Is allusion used in The Scarlet Letter?

I'm doing a book report on "The Scarlet Letter" and I need to use three different literary terms and allusion is one of them. Does anyone know of any allusion used in this novel? Please help me!

Thank you!

Expert Answers

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There are several historical allusions in Hawthorne's The Scarlet LetterFor instance,

  • The Custom House alluded to in the Preface is, indeed, a real building where Hawthorne worked. 
  • The character of the governor's sister is modeled after a real person
  • A real person, Richard Bellingham, who came to America in 1634 and was elected as governor of the English colony in 1641, 1654, and 1655 is alluded to with the character of Governor Bellingham.
  • Representative of the actual historical figure Ann Hibbins, who was executed for witchcraft in 1656, the sister of the governor, who is also a witch, Mistress Hibbins makes several appearances in the narrative.
  • The Reverend Wilson is a character modeled upon John Wilson, a minister who came to America in 1630. He was a strong figure of Puritan authority and intolerance.
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Allusions -- especially to the Bible -- appear frequently in Nathaniel Hawthorne's novel The Scarlet Letter. Other kinds of allusions also appear. Many of them are discussed in detail in a book by Richard Kopley titled The Threads of the Scarlet Letter, which has been described by its publisher (The University of Delaware Press) as follows:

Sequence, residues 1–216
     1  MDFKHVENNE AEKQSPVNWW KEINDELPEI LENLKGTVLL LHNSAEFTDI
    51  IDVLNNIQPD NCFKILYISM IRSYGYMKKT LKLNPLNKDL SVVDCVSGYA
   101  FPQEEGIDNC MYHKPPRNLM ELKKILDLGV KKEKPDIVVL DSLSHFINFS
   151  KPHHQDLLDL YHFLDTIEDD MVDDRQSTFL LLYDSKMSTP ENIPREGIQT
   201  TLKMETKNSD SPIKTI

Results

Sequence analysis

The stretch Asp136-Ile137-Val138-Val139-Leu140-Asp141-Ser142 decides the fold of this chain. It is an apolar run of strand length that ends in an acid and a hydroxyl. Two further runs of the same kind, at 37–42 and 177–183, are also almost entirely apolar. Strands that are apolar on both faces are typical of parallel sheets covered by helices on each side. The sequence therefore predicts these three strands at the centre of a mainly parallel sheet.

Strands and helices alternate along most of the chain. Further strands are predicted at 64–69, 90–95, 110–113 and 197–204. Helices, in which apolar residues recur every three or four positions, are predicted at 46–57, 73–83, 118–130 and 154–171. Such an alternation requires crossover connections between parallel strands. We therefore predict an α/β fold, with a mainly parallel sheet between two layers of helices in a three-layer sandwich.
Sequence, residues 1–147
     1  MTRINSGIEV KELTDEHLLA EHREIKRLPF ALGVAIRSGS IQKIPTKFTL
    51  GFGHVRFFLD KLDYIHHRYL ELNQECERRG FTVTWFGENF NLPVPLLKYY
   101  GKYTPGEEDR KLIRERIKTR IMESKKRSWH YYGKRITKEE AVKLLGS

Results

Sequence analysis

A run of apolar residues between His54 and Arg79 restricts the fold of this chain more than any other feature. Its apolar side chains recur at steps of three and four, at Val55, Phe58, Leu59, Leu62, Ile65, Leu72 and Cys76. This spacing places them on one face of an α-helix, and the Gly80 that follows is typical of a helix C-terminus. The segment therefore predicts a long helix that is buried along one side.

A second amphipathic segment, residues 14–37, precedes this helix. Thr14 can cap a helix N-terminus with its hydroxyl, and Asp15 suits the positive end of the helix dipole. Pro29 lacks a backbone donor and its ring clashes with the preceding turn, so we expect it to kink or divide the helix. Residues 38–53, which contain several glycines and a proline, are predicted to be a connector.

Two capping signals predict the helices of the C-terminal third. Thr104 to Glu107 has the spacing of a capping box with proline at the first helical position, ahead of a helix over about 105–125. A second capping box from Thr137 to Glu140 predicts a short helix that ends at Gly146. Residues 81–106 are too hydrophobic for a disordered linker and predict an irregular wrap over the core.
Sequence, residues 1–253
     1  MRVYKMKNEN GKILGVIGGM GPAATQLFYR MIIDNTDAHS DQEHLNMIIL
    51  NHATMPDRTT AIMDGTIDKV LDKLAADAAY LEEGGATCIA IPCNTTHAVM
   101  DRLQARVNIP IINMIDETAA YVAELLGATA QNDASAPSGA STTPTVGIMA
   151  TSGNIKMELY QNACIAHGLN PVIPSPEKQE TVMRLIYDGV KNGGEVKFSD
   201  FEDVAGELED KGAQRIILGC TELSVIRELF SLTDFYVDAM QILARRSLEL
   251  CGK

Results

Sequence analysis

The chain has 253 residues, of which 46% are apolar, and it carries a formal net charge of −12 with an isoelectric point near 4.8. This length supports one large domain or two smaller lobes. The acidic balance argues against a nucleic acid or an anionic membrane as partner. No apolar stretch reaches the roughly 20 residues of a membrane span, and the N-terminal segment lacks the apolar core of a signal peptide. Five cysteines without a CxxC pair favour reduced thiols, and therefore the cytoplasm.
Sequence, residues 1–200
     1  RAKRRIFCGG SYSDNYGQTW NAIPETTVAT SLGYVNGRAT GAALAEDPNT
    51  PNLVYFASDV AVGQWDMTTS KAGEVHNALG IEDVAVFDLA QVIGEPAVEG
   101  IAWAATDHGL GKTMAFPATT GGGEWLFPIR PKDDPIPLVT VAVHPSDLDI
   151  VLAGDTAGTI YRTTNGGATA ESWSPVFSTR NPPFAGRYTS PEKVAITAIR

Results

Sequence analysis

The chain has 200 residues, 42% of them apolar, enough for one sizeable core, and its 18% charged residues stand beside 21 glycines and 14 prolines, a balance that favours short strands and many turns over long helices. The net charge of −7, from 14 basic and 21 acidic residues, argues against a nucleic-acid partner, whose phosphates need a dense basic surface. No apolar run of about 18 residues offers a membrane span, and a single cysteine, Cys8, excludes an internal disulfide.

The Threads of The Scarlet Letter offers new discoveries regarding the origins of Hawthorne's masterpiece, as well as critical interpretations based on these discoveries. Relying on a blend of close reading, biographical analysis, and archival research, this book demonstrates anew the power of traditional scholarship. The Threads of The Scarlet Letter illuminates Hawthorne's transformation of Poe's celebrated tale "The Tell-Tale Heart" and Lowell's long-neglected poem "A Legend of Brittany" and, identifying the hitherto-unknown author of the seminal narrative "The Salem Belle," investigates Hawthorne's brilliant borrowing from that novel as well. The present volume argues that Hawthorne repeatedly attenuated his sources, but also allowed sufficient detail to permit their recognition. Furthermore, this volume elaborates Hawthorne's reworking of formal traditions inThe Scarlet Letter—traditions that importantly clarify the meaning of the whole. The Scarlet Letter is shown to be a complex rendering of man's fall and redemption, and a triumphant assertion of literary vocation. The Threads of The Scarlet Letter includes a useful bibliographical overview of the history of the study of the origins of Hawthorne's greatest work. Richard Kopley is Associate Professor of English for Penn State DuBois and Head of the Division of English for Penn State Commonwealth College.

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